Economics like this seemed more like philosophy or ideology rather than science. It also didn’t jibe with what I felt about what business meant. As a child, I enjoyed selling and organizing things and making money. I sold PopRocks and Tofiffay candy bars in sixth grade between classes. I organized a carnival on our front lawn in MarVista, and sold recycled toys in the White Elephant booth at the San Luis Rey Mission Fiesta in Oceanside. I vividly remember noticing how the more I responded to the invisible needs of a person, by making them feel good and treating them with respect, the better the business worked.
As I grew, the people I admired the most were able to survive on their own, and build businesses. These were people like Martin Grey, a young Polish Jew in the Warsaw Ghetto who I learned about in his book, For Those I Loved. He kept his family alive and others as well through enterprise and risking his life. The successful business people I admired actually cared about other people, and they ended up, it seemed to me, happiest and the most fulfilled.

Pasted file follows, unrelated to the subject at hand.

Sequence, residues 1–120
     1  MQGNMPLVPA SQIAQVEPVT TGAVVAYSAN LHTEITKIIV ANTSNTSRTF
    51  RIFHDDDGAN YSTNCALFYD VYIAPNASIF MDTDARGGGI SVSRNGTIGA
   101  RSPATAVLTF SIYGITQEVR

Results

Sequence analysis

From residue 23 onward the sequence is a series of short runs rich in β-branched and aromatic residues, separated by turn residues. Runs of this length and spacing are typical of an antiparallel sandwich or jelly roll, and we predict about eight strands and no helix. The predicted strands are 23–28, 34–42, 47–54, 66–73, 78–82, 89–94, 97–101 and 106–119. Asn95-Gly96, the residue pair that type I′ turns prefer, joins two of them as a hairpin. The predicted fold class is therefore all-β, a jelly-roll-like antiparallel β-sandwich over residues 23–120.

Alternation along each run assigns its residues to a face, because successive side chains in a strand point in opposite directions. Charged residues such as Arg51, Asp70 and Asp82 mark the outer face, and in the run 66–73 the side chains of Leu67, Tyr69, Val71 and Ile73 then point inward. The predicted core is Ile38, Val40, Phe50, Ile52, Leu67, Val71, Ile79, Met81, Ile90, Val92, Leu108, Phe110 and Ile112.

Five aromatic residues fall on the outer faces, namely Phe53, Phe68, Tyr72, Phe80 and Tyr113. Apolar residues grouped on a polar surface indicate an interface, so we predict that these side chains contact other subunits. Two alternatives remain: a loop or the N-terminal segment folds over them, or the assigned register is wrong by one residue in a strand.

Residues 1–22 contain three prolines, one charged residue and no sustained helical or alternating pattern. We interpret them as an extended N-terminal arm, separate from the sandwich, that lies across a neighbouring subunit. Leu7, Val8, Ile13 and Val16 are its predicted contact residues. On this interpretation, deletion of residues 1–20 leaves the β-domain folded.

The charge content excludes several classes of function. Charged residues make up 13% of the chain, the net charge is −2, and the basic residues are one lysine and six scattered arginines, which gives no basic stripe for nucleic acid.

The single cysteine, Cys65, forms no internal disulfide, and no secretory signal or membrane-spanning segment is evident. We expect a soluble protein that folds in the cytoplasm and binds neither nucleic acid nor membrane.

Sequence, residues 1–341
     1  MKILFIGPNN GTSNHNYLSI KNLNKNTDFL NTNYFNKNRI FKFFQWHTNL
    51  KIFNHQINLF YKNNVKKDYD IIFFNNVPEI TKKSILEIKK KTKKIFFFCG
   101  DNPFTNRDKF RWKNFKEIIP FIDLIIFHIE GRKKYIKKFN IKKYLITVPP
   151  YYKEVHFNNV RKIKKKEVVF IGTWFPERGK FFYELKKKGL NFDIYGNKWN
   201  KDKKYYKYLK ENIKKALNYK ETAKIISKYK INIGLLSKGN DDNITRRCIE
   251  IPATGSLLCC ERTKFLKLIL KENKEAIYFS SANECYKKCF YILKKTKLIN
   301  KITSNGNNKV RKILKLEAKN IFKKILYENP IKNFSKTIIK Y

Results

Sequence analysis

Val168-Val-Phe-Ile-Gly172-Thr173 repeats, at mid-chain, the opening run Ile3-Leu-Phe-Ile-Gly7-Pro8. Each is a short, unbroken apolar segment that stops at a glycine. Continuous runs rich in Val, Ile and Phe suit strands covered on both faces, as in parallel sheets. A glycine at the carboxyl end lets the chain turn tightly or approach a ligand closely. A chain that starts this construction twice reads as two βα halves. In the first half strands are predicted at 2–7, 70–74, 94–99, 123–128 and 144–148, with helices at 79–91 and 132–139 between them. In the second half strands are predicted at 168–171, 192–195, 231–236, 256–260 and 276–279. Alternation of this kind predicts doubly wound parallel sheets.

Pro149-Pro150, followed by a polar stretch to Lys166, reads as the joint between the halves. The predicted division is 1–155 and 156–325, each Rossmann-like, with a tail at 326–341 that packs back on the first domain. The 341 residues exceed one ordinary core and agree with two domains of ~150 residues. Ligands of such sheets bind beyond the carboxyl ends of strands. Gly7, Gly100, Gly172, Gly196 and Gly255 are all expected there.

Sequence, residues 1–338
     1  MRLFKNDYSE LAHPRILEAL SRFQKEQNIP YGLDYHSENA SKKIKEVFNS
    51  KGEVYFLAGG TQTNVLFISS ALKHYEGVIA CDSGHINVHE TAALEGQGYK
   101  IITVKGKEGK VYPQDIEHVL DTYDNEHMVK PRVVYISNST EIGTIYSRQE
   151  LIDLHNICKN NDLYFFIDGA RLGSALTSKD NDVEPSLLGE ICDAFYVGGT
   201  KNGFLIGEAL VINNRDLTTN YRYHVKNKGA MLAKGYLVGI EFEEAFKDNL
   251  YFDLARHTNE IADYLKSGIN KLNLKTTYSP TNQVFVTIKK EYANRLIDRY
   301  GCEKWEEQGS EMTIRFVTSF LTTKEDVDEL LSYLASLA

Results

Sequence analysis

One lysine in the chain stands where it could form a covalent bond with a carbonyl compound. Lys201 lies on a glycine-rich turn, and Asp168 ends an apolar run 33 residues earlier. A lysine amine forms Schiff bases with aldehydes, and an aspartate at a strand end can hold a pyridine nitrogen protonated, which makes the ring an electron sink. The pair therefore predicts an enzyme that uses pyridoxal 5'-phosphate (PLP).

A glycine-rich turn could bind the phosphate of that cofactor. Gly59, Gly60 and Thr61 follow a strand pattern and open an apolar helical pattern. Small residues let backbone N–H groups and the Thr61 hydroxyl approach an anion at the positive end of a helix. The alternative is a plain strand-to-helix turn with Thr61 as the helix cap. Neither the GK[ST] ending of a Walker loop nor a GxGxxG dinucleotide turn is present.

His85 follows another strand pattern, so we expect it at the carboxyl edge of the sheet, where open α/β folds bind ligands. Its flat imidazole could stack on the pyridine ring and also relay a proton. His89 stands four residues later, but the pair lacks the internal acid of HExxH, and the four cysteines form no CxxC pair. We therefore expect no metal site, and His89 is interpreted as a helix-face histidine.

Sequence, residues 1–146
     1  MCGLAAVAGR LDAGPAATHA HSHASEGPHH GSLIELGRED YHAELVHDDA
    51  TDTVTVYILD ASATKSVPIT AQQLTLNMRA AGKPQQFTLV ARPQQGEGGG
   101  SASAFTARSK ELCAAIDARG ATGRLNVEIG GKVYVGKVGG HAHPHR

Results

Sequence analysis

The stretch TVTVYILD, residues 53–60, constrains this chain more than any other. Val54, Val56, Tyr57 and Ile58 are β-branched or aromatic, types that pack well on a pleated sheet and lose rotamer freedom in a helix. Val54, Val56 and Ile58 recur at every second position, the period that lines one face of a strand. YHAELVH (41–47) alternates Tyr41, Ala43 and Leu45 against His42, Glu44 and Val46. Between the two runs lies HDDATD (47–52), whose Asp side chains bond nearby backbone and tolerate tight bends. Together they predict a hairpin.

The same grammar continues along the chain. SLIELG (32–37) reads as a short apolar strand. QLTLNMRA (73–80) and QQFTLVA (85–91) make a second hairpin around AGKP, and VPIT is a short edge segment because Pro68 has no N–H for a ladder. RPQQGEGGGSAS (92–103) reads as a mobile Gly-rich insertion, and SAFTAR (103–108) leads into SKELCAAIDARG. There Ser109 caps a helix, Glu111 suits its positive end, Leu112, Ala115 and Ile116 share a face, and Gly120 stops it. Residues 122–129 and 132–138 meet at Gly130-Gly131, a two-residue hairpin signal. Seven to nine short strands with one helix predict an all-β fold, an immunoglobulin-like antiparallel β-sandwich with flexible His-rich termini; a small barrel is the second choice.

Likewise, our economy– as a whole– can be a force for good. The solution, as Ellen Brown and many others have stated is in the Constitution: the people must reclaim the power to control the money supply.
My overriding aim will be to ensure the sustainability of our national economy through what I say and do.
One of the simplest, fastest and surest ways I will work to improve our economy is to focus on ensuring our tax system is fair. I believe this is the key intervention point because it is how the Federal Government can constrain capitalism’s worst exploiters. Increasingly, the exploiters are better and better camouflaged through their ownership of the media. Having economics, business and media expertise, along with the desire to right our ship, will enable me to identify our system’s exploiters and use taxation to diminish their power.
The Dutch historian Rutger Bregman, who berated billionaires at Davos over their tax avoidance, is right. America needs to talk about taxes. We need to stop listening to the wealthiest and most powerful people– and their mouthpieces and institutions– and get serious about how to use taxation to reform and improve our economy.